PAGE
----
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Reflecting on ‘Death in Venice’ at 50 – Dirk Bogarde’s finest performance

Join Greg and Sam as they discuss Luchino Visconti’s 1971 masterpiece.

Death in Venice
Credit: Sony Pictures Home Entertainment

EF's Greg Jameson and Samuel Payne recently met up to celebrate an important cinematic landmark – the 50th anniversary of the release of Luchino Visconti's 'Death in Venice', starring Dirk Bogarde.

Beautiful, controversial, and possibly a masterpiece, there is much to be said about this fine achievement of European arthouse film. Join us on a frank, funny and reflective chat about why we love Bogarde, return to this film so often, and why we rate it so highly. 

 

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Death in Venice
Von Aschenbach (Dirk Bogarde) seeks to salvage his own youth. Credit: Sony Pictures Home Entertainment

Greg: You never forget seeing this performance. He is so inventive and doesn’t put a foot wrong. He nails Gustav von Aschenbach. It’s so truthful.

Sam: There’s one performance I’ve never quite liked, though, and I’m not mad about the dialogue the actor gets either. It’s the part played by Mark Burns, Aschenbach’s friend and critic. He spends much of the subplot barking at a weary Bogarde who refuses to bend in the wind. Burns comes across as very broad and on the nose. It’s just a touch off-note for me. Do you feel the same?

Greg: Now that you mention it, yes, I especially dislike the way he strikes the piano keys to over-emphasise a point. It is a touch shouty, but thankfully he isn’t in it a lot. Some of the actors are a bit odd – you’ve got your old man in linen with the white face at the start who welcomes Von Aschenbach off his boat.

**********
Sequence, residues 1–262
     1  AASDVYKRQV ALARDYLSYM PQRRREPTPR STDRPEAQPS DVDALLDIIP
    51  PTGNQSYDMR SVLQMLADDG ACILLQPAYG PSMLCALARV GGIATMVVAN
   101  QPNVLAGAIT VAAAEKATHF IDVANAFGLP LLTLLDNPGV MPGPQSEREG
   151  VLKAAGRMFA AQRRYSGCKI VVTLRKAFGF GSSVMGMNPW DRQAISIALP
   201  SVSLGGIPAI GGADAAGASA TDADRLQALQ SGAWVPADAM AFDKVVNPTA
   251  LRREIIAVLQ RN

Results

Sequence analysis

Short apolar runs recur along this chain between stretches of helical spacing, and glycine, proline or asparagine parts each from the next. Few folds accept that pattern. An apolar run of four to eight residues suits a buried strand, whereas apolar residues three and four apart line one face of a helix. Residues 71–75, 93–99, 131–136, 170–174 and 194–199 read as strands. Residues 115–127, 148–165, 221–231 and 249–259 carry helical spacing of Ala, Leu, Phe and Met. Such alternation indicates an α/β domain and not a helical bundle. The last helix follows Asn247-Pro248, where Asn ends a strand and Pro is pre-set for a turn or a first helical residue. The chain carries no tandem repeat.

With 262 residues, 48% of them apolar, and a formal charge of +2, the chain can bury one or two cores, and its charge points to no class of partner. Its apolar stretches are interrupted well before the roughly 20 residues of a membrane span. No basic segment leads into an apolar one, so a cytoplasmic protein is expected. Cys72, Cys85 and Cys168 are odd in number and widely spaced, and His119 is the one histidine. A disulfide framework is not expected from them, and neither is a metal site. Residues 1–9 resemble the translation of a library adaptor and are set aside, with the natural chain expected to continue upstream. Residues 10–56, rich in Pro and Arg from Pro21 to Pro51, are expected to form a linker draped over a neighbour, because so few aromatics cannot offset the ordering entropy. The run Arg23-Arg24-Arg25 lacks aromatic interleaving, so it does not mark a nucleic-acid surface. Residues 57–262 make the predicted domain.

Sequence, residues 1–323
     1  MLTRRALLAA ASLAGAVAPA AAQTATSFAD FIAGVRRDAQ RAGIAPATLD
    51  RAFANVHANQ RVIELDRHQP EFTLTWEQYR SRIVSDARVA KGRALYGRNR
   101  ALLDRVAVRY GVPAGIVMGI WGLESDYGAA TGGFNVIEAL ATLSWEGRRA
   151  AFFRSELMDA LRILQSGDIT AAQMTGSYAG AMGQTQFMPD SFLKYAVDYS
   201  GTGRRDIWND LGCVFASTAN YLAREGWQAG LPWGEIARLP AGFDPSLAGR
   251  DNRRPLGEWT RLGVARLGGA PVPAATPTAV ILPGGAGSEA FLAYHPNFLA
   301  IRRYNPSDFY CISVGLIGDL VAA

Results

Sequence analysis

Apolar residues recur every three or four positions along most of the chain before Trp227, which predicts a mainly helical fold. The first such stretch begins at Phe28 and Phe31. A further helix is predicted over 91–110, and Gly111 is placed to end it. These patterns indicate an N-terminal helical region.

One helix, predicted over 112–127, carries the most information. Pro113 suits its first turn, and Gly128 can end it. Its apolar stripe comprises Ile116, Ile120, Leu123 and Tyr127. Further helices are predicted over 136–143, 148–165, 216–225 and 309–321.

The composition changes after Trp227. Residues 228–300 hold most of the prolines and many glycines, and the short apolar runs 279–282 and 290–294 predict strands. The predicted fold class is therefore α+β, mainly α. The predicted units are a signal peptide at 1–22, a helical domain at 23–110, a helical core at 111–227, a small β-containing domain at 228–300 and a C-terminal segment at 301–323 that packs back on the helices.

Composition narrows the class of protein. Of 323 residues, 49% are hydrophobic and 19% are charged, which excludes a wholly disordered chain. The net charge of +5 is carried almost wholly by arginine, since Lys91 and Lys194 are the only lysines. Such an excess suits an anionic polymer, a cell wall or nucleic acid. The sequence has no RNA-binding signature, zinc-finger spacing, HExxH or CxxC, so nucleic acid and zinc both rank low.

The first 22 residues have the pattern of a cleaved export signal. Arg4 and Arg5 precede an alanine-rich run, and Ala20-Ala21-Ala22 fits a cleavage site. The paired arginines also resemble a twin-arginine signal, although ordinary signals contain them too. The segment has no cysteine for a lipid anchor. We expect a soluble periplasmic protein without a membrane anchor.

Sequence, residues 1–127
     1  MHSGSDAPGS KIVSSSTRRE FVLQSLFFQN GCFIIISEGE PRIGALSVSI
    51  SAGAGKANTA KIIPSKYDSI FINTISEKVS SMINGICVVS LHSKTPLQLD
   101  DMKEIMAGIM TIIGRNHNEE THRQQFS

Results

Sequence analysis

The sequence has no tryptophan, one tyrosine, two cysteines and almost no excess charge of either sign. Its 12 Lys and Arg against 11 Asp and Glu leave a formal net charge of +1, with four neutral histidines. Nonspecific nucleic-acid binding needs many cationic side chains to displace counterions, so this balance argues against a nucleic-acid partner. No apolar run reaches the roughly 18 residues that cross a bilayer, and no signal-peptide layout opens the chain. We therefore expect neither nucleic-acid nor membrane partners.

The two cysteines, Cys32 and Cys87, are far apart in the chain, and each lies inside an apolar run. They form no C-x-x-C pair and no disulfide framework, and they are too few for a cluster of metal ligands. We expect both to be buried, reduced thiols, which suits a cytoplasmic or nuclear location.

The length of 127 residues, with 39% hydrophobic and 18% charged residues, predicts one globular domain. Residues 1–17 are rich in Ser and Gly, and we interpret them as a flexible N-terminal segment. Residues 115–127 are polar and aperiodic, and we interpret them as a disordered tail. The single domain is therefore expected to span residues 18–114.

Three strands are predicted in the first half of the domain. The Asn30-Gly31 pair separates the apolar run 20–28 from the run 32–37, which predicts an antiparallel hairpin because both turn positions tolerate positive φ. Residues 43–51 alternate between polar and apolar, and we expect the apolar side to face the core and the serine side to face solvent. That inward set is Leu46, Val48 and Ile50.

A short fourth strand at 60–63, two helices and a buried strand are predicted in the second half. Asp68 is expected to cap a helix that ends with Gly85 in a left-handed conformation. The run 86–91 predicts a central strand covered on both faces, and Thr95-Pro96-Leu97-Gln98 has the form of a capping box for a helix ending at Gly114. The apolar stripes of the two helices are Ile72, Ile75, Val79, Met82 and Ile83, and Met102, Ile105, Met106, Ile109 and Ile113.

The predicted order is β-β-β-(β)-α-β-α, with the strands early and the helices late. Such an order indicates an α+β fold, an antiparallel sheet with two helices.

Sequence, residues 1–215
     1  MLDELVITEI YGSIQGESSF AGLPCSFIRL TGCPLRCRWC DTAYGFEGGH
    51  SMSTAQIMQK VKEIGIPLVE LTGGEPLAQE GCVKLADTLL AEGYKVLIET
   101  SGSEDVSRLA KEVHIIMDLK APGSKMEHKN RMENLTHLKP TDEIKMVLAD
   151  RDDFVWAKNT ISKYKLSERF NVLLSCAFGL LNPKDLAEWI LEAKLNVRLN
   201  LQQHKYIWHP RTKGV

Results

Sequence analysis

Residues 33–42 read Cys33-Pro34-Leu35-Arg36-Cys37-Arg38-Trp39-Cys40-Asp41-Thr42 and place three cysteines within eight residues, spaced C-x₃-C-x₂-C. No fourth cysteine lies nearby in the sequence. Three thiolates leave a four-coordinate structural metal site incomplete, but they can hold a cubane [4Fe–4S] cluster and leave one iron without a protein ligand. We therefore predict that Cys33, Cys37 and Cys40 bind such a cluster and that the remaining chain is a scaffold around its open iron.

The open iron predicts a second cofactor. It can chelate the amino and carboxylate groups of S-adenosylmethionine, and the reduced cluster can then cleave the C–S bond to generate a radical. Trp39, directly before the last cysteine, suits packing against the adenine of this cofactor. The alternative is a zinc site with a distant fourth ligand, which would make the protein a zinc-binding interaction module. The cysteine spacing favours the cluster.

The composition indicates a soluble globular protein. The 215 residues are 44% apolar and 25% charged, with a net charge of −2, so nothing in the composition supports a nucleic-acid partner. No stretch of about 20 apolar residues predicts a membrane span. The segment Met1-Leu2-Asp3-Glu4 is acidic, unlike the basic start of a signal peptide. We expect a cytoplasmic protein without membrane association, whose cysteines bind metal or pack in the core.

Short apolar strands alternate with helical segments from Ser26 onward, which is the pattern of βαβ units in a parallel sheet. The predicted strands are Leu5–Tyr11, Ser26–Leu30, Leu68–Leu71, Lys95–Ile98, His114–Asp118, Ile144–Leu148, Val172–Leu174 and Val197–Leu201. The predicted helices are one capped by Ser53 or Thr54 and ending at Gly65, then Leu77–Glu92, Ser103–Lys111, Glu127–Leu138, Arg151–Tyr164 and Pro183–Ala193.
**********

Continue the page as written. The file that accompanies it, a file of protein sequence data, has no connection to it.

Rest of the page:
Sam: Oh yes the mewing old creep – like Wilfrid Brambell in lipstick – who pretends he’s one of the young tourists. A warning from the future for Aschenbach, and a premonition of things to come? Then there’s the sweaty and sinister minstrel, who evades discussion about the sickness spreading across the city, then sticks his tongue out at the bourgeoisie. It’s a foreboding touch, and he’s almost demonic next to Tadzio, who stands like an angelic statue. Creeping death in the face of youth!

Greg: It’s a powerful image to get across the theme of the story without any need for dialogue. That was truly one of Visconti’s main strengths. One may say the director had limitations on performers, but he could get great performances out of great actors. And the locations really lift it all.

Sam: Yes, Venice is a key character itself, and it’s so little changed since the time Mann was writing his novella. The era is meticulously researched and evoked. The cinematography is extraordinary, isn’t it? Those pastel orange colours of the beach; the filthy brickwork in the city; the opulent costumes in the hotel. It’s very rich, and sometimes very grimy. Interesting how dirty Venice looks in this – pre-1980s clean up.

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